Trillium Book Awards Author Reading 2015

Residence

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Residence

What? A Canadian avant-garde? Is that not an oxymoron? Certainly, the answer depends on who you ask -- and, perhaps more importantly, how hard you are willing to work to find an answer. No matter what definition you follow, though, and in a future post I may float a few current theories, Canadian artists have reached the avant-garde and even led the odd advance.

Over the next month, I have a few goals for this space: first-off, to introduce Bertram Brooker, ostensibly Canada's first avant-gardist; second, to highlight some contemporary work and discuss it in relation to various ideas of avant-gardism (ie. can a nature poem be avant-garde?); and third, to create a forum to discuss general ideas, events, and writings.

To set us on our path, and to set the tone of the journey, here's a short poem by Bertram Brooker probably written in 1927 or 1928. It was printed in "Sounds Assembling: The Poetry of Bertram Brooker." Is it a poem or a manifesto? I enjoy the progression from birth imagery and simple language to increasingly abstract and neologistic language.

"Emergence"

let us be new;
but not as babies are
who cling immediately to lollipops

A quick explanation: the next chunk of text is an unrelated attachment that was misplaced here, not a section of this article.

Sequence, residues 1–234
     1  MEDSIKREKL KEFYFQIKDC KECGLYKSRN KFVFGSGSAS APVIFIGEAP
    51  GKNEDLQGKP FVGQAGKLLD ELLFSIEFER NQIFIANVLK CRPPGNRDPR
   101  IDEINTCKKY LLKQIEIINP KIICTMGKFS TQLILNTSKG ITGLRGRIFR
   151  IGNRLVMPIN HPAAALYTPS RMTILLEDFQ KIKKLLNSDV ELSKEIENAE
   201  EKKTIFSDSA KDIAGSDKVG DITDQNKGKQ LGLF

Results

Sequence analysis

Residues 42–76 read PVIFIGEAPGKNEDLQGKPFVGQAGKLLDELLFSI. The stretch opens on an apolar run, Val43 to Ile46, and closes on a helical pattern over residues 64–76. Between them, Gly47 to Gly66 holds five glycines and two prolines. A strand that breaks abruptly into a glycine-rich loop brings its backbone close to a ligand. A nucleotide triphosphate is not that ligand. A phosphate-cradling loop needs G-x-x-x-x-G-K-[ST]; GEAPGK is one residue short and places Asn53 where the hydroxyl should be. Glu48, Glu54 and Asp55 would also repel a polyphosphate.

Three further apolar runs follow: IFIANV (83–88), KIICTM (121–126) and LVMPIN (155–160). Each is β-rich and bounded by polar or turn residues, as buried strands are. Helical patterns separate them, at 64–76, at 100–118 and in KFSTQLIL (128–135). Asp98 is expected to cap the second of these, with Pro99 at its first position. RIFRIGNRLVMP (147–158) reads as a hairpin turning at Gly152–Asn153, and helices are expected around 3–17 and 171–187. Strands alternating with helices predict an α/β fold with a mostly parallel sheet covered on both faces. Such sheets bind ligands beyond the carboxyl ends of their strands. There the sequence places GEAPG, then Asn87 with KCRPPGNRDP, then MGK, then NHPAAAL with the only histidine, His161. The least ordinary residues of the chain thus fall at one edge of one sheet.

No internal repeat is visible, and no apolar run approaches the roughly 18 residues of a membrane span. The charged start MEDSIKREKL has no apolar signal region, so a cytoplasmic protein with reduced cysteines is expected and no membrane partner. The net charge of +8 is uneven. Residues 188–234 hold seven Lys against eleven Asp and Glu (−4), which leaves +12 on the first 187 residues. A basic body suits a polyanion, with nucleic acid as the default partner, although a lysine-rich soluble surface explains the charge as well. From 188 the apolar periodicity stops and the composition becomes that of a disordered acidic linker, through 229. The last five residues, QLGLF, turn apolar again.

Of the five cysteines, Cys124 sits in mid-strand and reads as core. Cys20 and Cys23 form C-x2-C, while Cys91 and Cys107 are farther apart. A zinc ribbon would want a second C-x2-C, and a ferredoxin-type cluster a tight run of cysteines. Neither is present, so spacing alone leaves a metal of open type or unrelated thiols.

craving continual sweetness
and, born to the sin of imitation,
play mothers and fathers

let us see newness in flight
the new moment's formless act
before it hardens into recognition
and becomes butterfly, bottle, street-car tracks,
or the definite, labelled shriek
of a factory whistle

let us forget, for instance, street-cars
and when one plunges
redly rushing out of a subway
let us see newness of rushing redness
pure emergent crimson
faster-springing than dawn
and splintered with colourless oblongs
that come afire with sunshine

let us see headlongness
pouring itself rectangularly
and feel the jarring roar
as the drums of our blood are felt
beating the incredibly swift, inevitable march
that is our own whole formless forward-going.

[the painting, by the way, is Brooker's "The Finite Wrestling with the Infinite."]

1 comment

I'm not familiar with avant-garde writing. This will be a very educational series for me!

The views expressed in the Writer-in-Residence blogs are those held by the authors and do not necessarily reflect the views of Open Book: Toronto.

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Gregory Betts

Gregory Betts is an experimental poet, editor, essayist and teacher. He is the author of If Language (BookThug, 2005), Haikube (BookThug, 2006) and The Others Raisd in Me (Pedlar Press, 2009). He has edited editions of poetry by W.W. E. Ross, Raymond Knister and Lawren Harris. His latest book is The Wrong World: Selected Stories and Essays of Bertram Brooker (University of Ottawa Press 2009).

Go to Gregory Betts’s Author Page